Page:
Last week I got a comment requesting that I review a book, complete with an offer to send me a PDF file of the book so that I could do so.  From an author.  After flailing around excitedly, I accepted my very first book review request.

So here is my review of Ugly to Start With by John Michael Cummings.  I’d prefer to be nicer, but honesty is the best policy; it’s not a five-star book.

Statistics
Checkouts: Not owned by the library
Typical reader: High school boys
Source: Direct from the author via email (Squee!)

Synopsis: Jason Stevens is a teen growing up in historic Harper’s Ferry, West Virginia, in the 1970s.  This is a collection of short, fictional stories about his less-than-ideal life.

My Goodreads rating: 3 stars

This book exemplifies the differences between middle-grade novels and those for young adults.  While the writing style and vocabulary are suitable for a younger audience, the subject matter certainly is not.  There are a lot of mature situations in this book, ranging from race relations to infidelity, from exploring sexuality to cruelty to animals.  This book is perfectly acceptable material for a public library, but my school library serves mostly K-8.  It doesn’t belong there.

I liked the simple, honest prose.  Jason isn’t the greatest person, particularly in the title story (I’ll get to that later), but he provides quality narration to his stories.  The short story format left me a bit wanting at times, because some vignettes ended without a sense of conclusion, but that’s a drawback to the confines of short stories.  On the other hand, the end of a short story is not the end of Jason’s overall tale.  There are pros and cons; your mileage may vary on this.

My favorite story was “The Scratchboard Project.”  In this, Jason visits a classmate’s house to sketch her for an art assignment.  It’s a story that gives a lot of depth to Jason’s dream of being an artist, as well as the world in which he lives.  The classmate he visits is a black girl in a different part of town, and both of them, as well as her family, have to deal with prejudices in the fullest sense of the word.  Jason and Shanice have to get past their presuppositions about each other as she poses for him and he sketches her, and their interactions break down the icy barriers.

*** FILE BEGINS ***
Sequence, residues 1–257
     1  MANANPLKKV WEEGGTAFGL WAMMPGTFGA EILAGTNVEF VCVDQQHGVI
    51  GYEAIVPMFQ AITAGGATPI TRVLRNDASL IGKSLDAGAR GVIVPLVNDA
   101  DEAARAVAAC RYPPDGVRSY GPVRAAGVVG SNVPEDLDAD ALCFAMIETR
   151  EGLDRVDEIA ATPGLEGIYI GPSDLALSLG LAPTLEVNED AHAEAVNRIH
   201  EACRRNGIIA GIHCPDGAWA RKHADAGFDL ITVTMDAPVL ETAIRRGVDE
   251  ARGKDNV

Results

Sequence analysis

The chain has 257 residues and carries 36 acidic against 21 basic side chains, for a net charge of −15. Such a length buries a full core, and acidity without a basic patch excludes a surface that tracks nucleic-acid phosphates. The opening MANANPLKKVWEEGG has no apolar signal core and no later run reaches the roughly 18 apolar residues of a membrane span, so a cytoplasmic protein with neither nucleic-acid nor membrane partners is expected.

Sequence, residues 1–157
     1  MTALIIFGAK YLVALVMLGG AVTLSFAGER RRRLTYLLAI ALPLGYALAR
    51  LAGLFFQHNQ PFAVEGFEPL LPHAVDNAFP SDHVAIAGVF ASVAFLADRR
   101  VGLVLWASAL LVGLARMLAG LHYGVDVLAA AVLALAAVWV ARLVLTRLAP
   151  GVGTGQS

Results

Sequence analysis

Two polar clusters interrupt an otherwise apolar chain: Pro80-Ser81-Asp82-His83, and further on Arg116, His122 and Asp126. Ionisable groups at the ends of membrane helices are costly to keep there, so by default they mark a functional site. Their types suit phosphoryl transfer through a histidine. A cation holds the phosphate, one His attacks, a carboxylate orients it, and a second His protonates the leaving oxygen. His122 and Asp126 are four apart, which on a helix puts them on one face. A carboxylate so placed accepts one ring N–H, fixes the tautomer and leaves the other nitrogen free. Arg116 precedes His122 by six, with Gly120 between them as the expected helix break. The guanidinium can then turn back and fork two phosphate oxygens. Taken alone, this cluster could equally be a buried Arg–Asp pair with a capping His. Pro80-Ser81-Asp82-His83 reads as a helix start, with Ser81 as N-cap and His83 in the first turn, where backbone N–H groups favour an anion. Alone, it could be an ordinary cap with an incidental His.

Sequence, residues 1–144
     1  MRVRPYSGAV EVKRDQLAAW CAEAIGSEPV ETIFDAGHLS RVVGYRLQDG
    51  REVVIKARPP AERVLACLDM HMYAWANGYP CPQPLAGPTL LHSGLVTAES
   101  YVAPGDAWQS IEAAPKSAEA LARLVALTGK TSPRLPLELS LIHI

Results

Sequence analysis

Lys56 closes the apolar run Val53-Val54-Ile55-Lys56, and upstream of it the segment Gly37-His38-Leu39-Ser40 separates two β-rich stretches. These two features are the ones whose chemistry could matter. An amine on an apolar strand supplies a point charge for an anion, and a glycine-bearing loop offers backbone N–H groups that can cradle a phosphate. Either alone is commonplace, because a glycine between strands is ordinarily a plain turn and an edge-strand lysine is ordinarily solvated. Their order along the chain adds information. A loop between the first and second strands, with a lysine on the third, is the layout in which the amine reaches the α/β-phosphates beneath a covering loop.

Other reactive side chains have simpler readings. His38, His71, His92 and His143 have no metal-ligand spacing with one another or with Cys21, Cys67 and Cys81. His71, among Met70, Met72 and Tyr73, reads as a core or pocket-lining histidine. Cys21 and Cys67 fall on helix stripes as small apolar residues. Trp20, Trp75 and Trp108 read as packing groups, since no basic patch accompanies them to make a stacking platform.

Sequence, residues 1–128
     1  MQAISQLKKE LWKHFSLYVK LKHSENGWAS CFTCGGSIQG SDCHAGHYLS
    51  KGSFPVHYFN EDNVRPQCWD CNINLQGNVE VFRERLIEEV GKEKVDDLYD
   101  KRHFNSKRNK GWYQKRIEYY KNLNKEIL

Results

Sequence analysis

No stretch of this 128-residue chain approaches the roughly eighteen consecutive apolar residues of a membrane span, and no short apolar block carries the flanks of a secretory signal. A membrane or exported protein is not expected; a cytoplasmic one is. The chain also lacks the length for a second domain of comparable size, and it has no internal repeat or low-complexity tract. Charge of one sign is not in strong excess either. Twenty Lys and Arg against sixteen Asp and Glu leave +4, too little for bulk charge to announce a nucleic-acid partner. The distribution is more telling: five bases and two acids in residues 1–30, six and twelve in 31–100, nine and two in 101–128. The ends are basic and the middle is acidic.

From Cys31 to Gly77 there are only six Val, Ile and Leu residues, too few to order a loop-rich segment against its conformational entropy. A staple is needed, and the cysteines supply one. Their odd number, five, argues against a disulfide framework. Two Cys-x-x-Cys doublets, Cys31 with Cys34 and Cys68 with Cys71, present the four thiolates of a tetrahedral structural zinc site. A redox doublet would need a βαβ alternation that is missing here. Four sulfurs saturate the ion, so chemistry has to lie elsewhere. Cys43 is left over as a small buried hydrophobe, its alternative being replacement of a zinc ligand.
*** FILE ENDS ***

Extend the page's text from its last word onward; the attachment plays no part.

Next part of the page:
My least favorite story was the title one.  A little cat comes to Jason’s house and his family takes her in, marveling at her soft, beautiful coat.  But in the summer, she gets into fights with other cats in the neighborhood and returns home with bloody sores and scratches.  The family refuses to let her in or care for her.  Jason goes so far to even shoot at her with a BB gun to chase her off.  You can imagine how well this sat with a cat-lover such as myself!  The story does well at illustrating how the family values only that which is beautiful, and has no love for what’s ugly – either “to start with” or what becomes so through circumstance.  It also shows their hypocrisy, considering how run-down their house is and how ugly within the father can be.
(To be honest, this story almost made me put the book down completely, but as Mr. Cummings’ web site mentions that he has a cat, I gave him the benefit of the doubt and continued.)

I have one thing to nitpick about this book.  In one story, Jason is looking at a board in his school with editorials pasted to it, and two phrases jumped out at me.  These were references to “Raiders of the Lost Ark” and “the X-Files.”  This book is set in the 1970s.  The movie “Raiders of the Lost Ark” came out in 1981.  “The X-Files” TV show ran from 1993 to 2002.  There’s another story that mentions the basketball skills of Magic Johnson, who played for the L.A. Lakers starting in 1979.  Please, fact-check.  I don’t appreciate historical inaccuracies.